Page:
-ie

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English[edit]

Alternative forms[edit]

Etymology[edit]

Variant spelling of -y.

Pronunciation[edit]

Suffix[edit]

-ie

  1. Forming diminutive or affectionate forms of nouns or names.
    • 1869, Louisa May Alcott, An Old-Fashioned Girl:
      "Polly, I wish you 'd let me call you Marie," said Fanny one day, as they were shopping together.
      "You may call me Mary, if you like; but I won't have any ie put on to my name. I'm Polly at home and I'm fond of being called so; but Marie is Frenchified and silly."
      "I spell my own name with an ie, and so do all the girls."
      "And what a jumble of Netties, Nellies, Hatties, and Sallies there is. How 'Pollie' would look spelt so!"
    deardearie
    sweetsweetie
    smilesmilie (also smiley)
    CatherineCathie (also Cathi, Cathy); KatherineKathie (also Kathi, Kathy)
    BillBillie (also Billi, Billy)
  2. (occasionally sometimes derogatory) Forming colloquial nouns signifying the person associated with suffixed noun or verb.
    bikebikie
    roadroadie
    surfsurfie
    towntownie
Translations[edit]

Derived terms[edit]


Anagrams[edit]


Afrikaans[edit]

Alternative forms[edit]

Etymology[edit]

From Dutch -je.

Pronunciation[edit]

Suffix[edit]

-ie (plural -ies)

  1. Forms a diminutive noun

Usage notes[edit]

  • The suffix -ie is used in nouns that end in -b, -f, -g, -k, -p, -s. Nouns ending in other sounds use one of the alternative forms above.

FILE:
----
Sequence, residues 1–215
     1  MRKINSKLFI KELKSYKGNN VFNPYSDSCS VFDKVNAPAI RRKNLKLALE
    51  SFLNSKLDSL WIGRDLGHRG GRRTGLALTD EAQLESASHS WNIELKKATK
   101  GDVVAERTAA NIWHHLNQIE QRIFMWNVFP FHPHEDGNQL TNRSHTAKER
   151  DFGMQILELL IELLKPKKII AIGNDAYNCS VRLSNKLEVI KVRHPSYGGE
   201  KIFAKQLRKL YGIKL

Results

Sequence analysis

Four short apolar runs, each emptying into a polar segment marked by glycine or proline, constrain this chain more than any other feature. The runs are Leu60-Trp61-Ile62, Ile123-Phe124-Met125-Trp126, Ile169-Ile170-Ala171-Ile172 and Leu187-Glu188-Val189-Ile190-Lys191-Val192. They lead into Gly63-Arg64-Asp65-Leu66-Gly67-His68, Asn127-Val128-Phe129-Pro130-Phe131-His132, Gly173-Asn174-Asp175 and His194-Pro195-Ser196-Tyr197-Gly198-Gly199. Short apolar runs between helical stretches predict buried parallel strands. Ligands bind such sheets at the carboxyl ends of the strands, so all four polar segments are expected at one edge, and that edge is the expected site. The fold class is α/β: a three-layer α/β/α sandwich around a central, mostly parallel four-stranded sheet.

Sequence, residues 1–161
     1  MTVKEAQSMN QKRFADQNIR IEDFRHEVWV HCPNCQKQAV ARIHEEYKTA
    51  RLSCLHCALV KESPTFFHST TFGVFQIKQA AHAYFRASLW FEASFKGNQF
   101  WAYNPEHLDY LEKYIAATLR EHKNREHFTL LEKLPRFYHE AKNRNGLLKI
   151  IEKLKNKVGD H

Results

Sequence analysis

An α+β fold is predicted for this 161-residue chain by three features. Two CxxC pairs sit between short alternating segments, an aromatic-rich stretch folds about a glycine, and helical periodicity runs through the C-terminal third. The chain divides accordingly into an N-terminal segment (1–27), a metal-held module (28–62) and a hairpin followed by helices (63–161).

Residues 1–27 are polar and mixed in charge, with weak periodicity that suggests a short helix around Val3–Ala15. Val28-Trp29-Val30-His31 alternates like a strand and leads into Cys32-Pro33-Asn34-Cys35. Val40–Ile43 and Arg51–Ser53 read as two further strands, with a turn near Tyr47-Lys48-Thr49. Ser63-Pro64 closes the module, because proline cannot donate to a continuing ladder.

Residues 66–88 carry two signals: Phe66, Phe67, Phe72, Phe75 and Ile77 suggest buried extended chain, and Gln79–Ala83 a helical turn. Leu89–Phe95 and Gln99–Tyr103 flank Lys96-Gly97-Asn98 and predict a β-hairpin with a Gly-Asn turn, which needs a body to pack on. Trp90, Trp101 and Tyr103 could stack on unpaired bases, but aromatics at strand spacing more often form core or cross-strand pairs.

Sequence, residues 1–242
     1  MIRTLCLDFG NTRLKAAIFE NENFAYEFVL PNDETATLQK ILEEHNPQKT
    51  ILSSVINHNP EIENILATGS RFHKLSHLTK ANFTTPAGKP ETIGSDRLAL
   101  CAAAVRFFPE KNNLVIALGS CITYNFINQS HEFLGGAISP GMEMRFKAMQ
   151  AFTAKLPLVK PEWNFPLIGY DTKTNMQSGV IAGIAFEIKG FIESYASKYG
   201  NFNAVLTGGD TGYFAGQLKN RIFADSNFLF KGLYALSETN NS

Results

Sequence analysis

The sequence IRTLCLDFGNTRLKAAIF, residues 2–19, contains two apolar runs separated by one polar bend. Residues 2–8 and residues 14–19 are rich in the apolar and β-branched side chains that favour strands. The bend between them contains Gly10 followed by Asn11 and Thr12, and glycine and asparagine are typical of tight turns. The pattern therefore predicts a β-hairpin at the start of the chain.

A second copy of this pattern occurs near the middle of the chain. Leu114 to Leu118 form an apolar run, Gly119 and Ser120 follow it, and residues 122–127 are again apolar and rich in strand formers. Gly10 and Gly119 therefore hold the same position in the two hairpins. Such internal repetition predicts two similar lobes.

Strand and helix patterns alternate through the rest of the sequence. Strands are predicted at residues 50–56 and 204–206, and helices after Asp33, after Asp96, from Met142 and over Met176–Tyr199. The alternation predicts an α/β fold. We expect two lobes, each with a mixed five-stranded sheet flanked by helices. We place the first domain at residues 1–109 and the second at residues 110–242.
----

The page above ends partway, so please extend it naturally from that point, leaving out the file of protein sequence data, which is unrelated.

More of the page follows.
Czech[edit]

Pronunciation[edit]

Suffix[edit]

-ie f

  1. A suffix denoting a branch of science or study, similar to -ics.

Synonyms[edit]

Derived terms[edit]

See also[edit]

Further reading[edit]


Dutch[edit]

Etymology 1[edit]

From Middle Dutch -ie, ultimately from Latin -ia.

Suffix[edit]

-ie f

  1. A variant of -ij
Derived terms[edit]


Etymology 2[edit]

Ultimately from Latin -iō.

Suffix[edit]

-ie f

  1. -ion, -y
Derived terms[edit]


Etymology 3[edit]

An alteration of je in popular speech.

Suffix[edit]

-ie n

  1. (Netherlands, informal) A variant of -je, a suffix forming diminutive nouns.
Derived terms[edit]



French[edit]

Etymology[edit]

Borrowed from Latin -ia, a suffix used to create abstract nouns, and from Ancient Greek -ία (-ía), -εια (-eia).

Suffix[edit]

-ie

  1. indicates a feminine noun, often an abstract one

Derived terms[edit]



Latin[edit]

Suffix[edit]

-ie

  1. vocative masculine singular of -ius

Middle English[edit]

Etymology 1[edit]

Borrowed from Old French -ie, from Latin -ia.

Alternative forms[edit]

Suffix[edit]

-ie

  1. A suffix designating abstract or collective nouns, typically of French or Latin origin.
Derived terms[edit]
Nouns formed with -ie
Descendants[edit]
  • English: -y, -ie

References[edit]

Etymology 2[edit]

Suffix[edit]

-ie

  1. Alternative form of -y

Etymology 3[edit]

Suffix[edit]

-ie

  1. Alternative form of -yf

Middle French[edit]

Suffix[edit]

-ie

  1. indicates a feminine noun, often an abstract one

Derived terms[edit]


Descendants[edit]


Middle High German[edit]

Etymology[edit]

Borrowed from Old French -ie, from Latin -ia.

Suffix[edit]

-īe f

  1. used to create female abstract nouns

Descendants[edit]


Old French[edit]

Etymology[edit]

From Latin -ia.

Suffix[edit]

-ie

  1. indicates a feminine noun, often an abstract one

Derived terms[edit]


Descendants[edit]

  • Middle French: -ie
  • Middle High German: -ie
  • Middle English: -ie



Romanian[edit]

Etymology[edit]

Probably from Latin -īlia, neuter plural of -īlis. Less likely from Latin -ia. Compare Aromanian -ilji, -ilje.

Pronunciation[edit]

Suffix[edit]

-ie f (plural -ii)

  1. Used with a stem to create a (usually abstract) noun relating to it; can be compared to -ship, -hood, -ness, -ity, etc.

Declension[edit]

Derived terms[edit]


See also[edit]